I will be interested in his response, I still have had no response from Boris!


Just got the response from my MP on the beeb query, looks like he agrees with my feelings on al beeb ...

Dear Mr xxxxxxxx

Thank you so much for your email and I’m glad that you are positive about the immigration changes were going to make. I absolutely know two comments about the BBC and like you I do agree that a lot of the output completely passes by the working men and women of this country. There is a very London Metropolitan view of the world which puts out which is very often not shared at all across the country. I shall certainly fit your comments in and thank you for letting me know the strength of your views.


With very best wishes,

Andrew Selous
Member of Parliament for SW Bedfordshire



The other thing that pleases me is that this starts on Sunday GB News is coming soon

It will be on 236 freeview and is actually having the odd transmission now showing some of the people involved and explaining what they intend to do!
 

syrup

LE
5 C5 Galaxies. And two Airforce Ones.


Don't they also have a navy hospital ship or carrier near by with a fully equipped Hospital onboard so he can be taken there if anything happens

I seem to remember an Obama trip somewhere and a carrier went as cover and since it went so did it's carrier group.

They also turn off commercial sat navs and satellite trackers we couldn't track any of our North East trailers when G.W. was at Tony's

I saw Trumps convoy going up the M11 back to Stanstead last time POTUS was over
Rolling roadblocks both sides of the road then a convoy about a mile long, police, ambulances, and in the middle the beast then more police etc all American except some Black Range Rovers and UK police doing the rolling road blocks
 
It is not just the security, or even the air fleet. Truxx and I have both had occasion to liaise briefly with elements of past POTUS recce and advance parties. In my case, I was helping look after for the day a recce party, numbering 45 pax. Yes, it included five or six Secret Service chaps, each with their own specialisms, plus one of the Marine helo crews working out whether they could get their birds into locations safely, let alone the secure comms guys.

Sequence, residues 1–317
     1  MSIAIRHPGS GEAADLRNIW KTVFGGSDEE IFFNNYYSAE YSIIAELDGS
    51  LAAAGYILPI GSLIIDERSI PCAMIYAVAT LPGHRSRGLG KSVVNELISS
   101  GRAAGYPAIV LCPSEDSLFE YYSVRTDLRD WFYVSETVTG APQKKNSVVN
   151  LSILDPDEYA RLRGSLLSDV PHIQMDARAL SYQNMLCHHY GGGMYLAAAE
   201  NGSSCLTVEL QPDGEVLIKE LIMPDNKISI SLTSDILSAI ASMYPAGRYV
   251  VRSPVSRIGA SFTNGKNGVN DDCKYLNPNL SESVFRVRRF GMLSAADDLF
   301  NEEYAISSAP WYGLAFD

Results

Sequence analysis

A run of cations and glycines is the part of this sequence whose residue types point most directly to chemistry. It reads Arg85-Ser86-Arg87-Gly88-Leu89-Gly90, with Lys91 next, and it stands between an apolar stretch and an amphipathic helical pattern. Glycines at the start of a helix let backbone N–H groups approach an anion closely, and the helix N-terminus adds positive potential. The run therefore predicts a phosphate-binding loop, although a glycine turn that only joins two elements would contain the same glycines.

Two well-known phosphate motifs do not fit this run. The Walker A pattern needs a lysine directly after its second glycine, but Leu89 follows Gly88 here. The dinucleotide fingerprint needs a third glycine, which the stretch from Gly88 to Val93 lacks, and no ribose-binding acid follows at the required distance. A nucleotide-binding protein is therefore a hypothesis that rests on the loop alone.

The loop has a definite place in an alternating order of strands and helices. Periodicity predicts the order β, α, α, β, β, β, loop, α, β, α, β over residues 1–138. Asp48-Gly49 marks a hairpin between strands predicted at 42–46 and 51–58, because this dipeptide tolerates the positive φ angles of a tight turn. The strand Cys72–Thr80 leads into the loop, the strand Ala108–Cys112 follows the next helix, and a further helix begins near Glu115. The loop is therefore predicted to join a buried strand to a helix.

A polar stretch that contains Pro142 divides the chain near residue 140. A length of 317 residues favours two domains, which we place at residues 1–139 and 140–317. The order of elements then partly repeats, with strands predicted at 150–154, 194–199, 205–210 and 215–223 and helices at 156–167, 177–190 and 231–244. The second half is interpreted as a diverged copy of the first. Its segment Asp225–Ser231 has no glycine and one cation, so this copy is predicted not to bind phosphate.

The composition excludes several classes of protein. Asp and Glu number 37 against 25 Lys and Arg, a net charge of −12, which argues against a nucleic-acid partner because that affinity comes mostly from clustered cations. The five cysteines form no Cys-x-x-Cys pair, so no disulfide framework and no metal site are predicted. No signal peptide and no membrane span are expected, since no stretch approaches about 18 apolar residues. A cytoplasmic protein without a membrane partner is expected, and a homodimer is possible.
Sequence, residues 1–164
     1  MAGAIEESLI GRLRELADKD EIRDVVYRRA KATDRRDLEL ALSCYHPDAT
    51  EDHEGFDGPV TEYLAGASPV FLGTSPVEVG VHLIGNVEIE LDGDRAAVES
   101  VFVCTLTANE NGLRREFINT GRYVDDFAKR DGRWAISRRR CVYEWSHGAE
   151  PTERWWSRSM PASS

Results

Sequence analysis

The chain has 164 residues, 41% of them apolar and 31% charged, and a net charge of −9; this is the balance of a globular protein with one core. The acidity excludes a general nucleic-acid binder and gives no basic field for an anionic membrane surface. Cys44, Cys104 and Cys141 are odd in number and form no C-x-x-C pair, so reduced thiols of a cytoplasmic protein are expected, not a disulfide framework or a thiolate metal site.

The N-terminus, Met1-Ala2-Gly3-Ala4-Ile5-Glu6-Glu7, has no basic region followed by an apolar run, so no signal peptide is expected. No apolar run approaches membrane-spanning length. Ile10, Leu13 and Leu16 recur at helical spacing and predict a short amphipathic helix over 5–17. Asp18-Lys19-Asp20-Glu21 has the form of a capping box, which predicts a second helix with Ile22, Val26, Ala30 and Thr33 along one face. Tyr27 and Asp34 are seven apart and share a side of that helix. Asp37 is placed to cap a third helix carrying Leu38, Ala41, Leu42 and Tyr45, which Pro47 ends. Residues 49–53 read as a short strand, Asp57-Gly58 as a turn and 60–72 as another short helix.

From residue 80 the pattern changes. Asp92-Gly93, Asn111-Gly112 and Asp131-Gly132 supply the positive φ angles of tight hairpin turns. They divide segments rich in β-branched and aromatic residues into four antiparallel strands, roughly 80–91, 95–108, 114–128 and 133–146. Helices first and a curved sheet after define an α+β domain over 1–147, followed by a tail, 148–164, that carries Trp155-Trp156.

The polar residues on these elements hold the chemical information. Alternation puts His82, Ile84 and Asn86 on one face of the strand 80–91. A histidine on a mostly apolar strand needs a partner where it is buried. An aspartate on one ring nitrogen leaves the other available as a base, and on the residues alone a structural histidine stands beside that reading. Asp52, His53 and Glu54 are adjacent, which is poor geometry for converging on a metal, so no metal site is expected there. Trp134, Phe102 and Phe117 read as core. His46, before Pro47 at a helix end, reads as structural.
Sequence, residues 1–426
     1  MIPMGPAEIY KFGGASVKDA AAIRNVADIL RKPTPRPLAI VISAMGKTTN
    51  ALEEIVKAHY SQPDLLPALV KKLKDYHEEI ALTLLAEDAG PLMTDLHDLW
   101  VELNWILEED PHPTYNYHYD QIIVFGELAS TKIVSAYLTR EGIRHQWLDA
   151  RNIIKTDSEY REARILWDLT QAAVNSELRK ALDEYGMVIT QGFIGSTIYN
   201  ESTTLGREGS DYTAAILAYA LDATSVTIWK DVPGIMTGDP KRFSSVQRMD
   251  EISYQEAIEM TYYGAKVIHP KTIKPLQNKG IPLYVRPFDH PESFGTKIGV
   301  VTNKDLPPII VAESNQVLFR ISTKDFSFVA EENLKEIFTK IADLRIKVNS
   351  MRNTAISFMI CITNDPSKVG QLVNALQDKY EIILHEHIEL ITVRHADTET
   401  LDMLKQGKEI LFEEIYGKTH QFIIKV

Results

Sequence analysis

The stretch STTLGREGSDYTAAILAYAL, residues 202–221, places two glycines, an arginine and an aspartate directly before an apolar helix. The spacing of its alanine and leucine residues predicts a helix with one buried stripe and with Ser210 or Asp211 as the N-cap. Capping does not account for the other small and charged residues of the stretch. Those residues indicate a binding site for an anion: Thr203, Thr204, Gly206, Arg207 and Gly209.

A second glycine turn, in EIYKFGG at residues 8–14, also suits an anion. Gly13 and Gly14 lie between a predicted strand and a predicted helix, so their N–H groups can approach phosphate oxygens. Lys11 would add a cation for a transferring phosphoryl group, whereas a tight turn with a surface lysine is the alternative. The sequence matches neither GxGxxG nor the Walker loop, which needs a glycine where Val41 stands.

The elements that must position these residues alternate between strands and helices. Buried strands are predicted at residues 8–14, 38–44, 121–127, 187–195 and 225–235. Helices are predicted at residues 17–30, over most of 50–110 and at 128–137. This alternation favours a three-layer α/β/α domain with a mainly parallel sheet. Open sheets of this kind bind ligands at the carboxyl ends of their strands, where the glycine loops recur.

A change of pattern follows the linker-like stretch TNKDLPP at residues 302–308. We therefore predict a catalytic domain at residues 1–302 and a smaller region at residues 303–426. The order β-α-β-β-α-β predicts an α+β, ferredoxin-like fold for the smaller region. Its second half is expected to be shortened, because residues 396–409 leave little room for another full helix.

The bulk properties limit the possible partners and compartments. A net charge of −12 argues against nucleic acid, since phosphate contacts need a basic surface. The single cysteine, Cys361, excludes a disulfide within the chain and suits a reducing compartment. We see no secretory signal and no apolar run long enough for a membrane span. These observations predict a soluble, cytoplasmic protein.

Truxx has mentioned the chefs and the medics. The recce team also included two of the First Lady's hairdressers - where could they set up discreet emergency salons should their principal need a quick primping, and what sort of plugs would they need on the hair dryer? In my case, this was all for a trip that thankfully never even happened - it was a daft idea during the Bush era to do a state visit to Portsmouth for a certain iconic wartime anniversary. I did have fun explaining to the Secret Service that the Spinnaker Tower was a Millennium project and therefore still uncompleted in 2004... and, under orders from on high to help kill the idea of the visit, I may have slightly over egged the militancy and anti war protest appetite of the average Portsmouth Uni student.

Best bit was when one of the political special advisers decreed that the Nelson Wardroom dining hall would be the perfect wet weather venue for a key note speech - "Gee, it even has these lovely big old paintings of British ships sinking French ships." I explained that it was actually a painting of HMS Shannon vs USS Chesapeake. :grin:

Oh, and they wondered why HMNB Portsmouth had so many shops. We Brits were mystified until I realised they had seen lots of doors marked STORE.
 
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Cold_Collation

LE
Book Reviewer
Oh, and they wondered why HMNB Portsmouth had so many shops. We Brits were mystified until I realised they had seen lots of doors marked STORE.
I recently completed a case study for a major digital mapping specialist. The topic was 3D mapping of San Francisco International Airport as it gets upgraded. The product was hugely impressive in all respects and there is an ambition to share it with other airports around the world.

One challenge in the digital sphere is nomenclature - do you and I call the same things the same or different names, and how can that be accommodated?

As I remarked during the briefings: "I've never been into one of those rooms for a rest..."